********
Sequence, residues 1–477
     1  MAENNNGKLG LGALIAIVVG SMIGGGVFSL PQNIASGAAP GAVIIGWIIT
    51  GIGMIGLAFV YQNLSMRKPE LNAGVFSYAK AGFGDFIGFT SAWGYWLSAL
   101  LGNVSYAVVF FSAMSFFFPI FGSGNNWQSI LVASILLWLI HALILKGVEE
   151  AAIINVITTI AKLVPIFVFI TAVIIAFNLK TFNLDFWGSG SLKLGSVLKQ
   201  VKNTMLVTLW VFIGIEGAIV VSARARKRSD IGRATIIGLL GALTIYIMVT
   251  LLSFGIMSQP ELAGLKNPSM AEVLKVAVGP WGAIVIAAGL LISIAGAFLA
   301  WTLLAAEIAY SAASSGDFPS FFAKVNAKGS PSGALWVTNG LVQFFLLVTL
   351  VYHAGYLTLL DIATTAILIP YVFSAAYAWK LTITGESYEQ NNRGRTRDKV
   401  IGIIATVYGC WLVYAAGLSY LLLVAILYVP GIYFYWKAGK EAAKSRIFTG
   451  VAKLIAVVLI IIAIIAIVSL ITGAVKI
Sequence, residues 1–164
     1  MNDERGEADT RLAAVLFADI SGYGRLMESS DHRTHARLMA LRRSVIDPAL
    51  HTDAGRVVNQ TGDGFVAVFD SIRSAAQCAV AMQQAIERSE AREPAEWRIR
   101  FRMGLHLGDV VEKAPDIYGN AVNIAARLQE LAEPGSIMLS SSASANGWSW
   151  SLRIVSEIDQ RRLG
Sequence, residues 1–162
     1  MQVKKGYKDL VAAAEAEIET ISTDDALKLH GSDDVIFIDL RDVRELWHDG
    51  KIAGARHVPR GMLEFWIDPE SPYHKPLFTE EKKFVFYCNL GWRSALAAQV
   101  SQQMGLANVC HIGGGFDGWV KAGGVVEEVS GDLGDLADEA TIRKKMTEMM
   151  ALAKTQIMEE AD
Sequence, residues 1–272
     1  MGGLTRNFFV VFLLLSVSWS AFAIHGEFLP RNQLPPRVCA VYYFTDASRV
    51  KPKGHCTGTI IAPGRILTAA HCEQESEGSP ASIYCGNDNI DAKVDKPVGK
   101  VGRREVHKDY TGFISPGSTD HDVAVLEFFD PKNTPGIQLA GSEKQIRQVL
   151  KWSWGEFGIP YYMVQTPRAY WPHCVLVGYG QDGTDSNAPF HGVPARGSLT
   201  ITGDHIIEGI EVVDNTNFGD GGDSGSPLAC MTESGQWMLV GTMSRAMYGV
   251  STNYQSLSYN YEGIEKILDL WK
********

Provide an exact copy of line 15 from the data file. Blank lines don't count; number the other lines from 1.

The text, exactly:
   101  FRMGLHLGDV VEKAPDIYGN AVNIAARLQE LAEPGSIMLS SSASANGWSW